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    I don't think there is too much of a difference between the XSi, the XTi and the D500. They are all 'entry level' DSLR cameras...and all are pretty good.

    A more important factor for the type of photography you are talking about, will be the lens. The kit lenses will probably be adequate, but they do have their limitations, especially when it comes to the maximum aperture and that will make it harder to shoot action shots when the light isn't great. Of course, lenses that are better for action shots, are typically going to be more expensive. There are some exceptions however.

    As far as AF motors in the lenses....here's the deal.
    Back beyond the early 80s, both Canon & Nikon's SLR cameras were manual focus only. Then they went to Auto focus in the late 80s. Canon put the AF motor into their new lenses and had to change the lens mount. So older cameras and lenses were no longer compatible with the newer gear. Nikon, on the other hand, put the AF motor into the new cameras but kept the same mount so that people could keep and use their older lenses. This was all well and good until Nikon finally decided to take the AF motor out of the camera on their lower level DSLR models...but they also put AF motors into some of their newer lenses.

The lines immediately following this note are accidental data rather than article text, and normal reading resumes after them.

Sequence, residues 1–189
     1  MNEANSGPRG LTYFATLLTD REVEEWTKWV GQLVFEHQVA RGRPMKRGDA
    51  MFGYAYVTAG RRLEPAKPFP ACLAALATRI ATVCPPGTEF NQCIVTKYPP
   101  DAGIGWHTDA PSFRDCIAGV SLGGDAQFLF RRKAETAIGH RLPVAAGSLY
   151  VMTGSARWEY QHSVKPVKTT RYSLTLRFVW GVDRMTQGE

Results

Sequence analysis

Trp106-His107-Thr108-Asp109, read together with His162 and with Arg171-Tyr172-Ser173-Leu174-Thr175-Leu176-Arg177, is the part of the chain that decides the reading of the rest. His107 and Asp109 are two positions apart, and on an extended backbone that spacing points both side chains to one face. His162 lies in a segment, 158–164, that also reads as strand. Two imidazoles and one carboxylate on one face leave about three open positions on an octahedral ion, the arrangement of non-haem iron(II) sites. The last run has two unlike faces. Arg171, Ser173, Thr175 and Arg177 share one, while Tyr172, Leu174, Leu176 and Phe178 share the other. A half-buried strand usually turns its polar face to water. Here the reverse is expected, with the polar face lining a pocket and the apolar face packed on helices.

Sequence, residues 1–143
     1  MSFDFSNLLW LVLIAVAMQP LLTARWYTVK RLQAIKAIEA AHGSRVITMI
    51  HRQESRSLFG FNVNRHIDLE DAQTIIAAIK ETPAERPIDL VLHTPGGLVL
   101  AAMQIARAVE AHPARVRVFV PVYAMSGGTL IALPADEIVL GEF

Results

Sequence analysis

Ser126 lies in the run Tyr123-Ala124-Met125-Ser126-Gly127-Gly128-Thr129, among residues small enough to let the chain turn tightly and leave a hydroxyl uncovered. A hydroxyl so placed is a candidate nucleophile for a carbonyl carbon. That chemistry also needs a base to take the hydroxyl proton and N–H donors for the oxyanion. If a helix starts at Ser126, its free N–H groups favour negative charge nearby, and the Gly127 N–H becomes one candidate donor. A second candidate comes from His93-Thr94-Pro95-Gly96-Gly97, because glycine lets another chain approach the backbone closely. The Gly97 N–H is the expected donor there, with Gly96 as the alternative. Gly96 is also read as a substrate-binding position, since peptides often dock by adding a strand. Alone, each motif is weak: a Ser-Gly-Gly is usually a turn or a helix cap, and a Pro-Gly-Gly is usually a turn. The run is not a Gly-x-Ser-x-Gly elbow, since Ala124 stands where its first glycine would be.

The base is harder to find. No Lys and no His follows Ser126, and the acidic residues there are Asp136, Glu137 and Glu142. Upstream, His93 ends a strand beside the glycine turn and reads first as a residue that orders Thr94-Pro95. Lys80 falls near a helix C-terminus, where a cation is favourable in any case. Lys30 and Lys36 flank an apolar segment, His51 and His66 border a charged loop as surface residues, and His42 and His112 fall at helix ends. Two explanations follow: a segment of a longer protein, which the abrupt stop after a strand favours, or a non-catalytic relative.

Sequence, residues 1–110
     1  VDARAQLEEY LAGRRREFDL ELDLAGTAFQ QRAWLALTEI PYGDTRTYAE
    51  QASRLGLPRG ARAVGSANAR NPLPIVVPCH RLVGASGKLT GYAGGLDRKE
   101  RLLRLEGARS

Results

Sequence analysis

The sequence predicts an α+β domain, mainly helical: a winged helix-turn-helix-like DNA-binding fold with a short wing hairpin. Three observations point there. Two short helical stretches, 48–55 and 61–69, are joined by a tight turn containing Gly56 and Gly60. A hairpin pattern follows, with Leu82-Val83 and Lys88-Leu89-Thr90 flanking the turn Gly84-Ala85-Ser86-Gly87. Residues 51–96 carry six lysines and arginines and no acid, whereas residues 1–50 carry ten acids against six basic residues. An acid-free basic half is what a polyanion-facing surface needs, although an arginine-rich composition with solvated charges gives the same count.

So as long as you have one of the lenses with an AF motor, there is no issue. You can still use the lenses without AF motors...you just won't be able to auto focus, obviously. Some of those lenses might be cheaper, but not necessarily.
     
  4. GFreg

    GFreg TPF Noob!